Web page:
Automating IT tasks is crucial to systems administration as we move towards a more digital working realm. The use of software to execute job tasks is called task automation. Task automation enhances workflow accuracy and consistency while also enabling more efficient operations. Above all, task automation automates manual procedures and reduces the effort necessary to achieve a specific outcome.

Here, let us consider configuration management tools such as Ansible.

What is Ansible?

If you are in IT, you have probably often come across Ansible.

Ansible is a comprehensive automation tool or platform used for IT activities, including configuration management, intra service orchestration, application deployment, and provisioning. Automation is critical these days, with complex IT infrastructures that need to expand frequently. This is tedious for system administrators and developers to keep up if everything is done manually. Automation simplifies complicated tasks, making developers’ jobs easier and allowing them to focus their attention on other functions that offer more value to the organization.

These tools enable faster execution when configuring infrastructure and aim to provide visibility to help other teams across the enterprise work quickly and more efficiently.

This article explains how to use Ansible to deploy a LAMP (Linux, Apache, MySQL, and PHP) stack application on the Virtual Machines runs in Azure.


To execute the Ansible playbook, you’ll need:

  • Ansible control node with Ansible installed and configured to connect to web and database Ansible hosts using SSH keys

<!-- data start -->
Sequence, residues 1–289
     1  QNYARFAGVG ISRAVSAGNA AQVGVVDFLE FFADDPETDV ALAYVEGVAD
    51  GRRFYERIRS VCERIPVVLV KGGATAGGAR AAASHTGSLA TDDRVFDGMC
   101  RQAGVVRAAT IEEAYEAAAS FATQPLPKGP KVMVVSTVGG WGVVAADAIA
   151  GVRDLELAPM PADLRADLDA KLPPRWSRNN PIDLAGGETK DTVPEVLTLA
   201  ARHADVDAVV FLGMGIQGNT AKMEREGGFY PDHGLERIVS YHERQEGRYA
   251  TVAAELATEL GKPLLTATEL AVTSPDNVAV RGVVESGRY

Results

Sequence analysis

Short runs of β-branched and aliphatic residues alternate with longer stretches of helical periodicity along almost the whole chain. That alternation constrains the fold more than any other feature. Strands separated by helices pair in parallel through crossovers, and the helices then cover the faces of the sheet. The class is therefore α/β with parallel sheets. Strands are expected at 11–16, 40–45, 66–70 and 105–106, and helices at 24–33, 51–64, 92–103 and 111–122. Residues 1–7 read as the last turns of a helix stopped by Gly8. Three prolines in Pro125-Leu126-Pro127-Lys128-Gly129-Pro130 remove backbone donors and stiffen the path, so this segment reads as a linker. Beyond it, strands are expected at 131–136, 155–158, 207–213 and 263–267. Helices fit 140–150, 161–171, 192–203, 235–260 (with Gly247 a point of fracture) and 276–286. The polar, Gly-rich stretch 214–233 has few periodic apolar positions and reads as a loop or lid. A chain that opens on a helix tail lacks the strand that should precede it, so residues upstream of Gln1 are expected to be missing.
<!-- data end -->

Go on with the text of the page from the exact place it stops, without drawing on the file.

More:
• One Ansible host to deploy web stack
  • One Ansible host to deploy database stack


What does this Playbook do?

Ansible Playbooks allow you to direct the Ansible control node to configure your Ansible hosts. Playbooks are expressed in YAML format with a minimum of syntax and are human-readable. Jinja2 templates are used to enable dynamic expressions and access to variables from inventory.

Running this Playbook will perform the following actions on your Ansible hosts:

  • Install the required packages on the respective hosts
  • Install MariaDB on the database host
  • Configure firewall rules for web and database host
  • Configure database, setup user and privilege on the database host
  • Load sample data to database
  • Configure and start httpd on the web host
  • Move the index.php file to the web host
  • Update the index.php file to connect to the database host

Once the Playbook has finished running, you will have a web PHP web page running on top of httpd, based on the options you defined within your inventory file.

How to use this Playbook?

The first thing you need to do is clone this repository to a local folder inside the Ansible Control Node and edit the Playbook’s inventory file to update the configurations. Once you update the inventory file, save and close this file. You are now ready to run this Playbook on one or more servers.

To execute the Playbook, you can use the following command:

ansible-playbook playbook-centos.yml -i inventory (OR) ansible-playbook playbook-redhat.yml -i inventory

When the Playbook is finished running, go to your web browser and access the website with the IP address of the web host, as configured in the inventory file, followed by index.php


You will see a page like this:



In this article, we used Ansible to automate installing and setting up a LAMP stack web application on virtual machines hosted on Azure. Feel free to modify these to suit your individual needs within your workflow.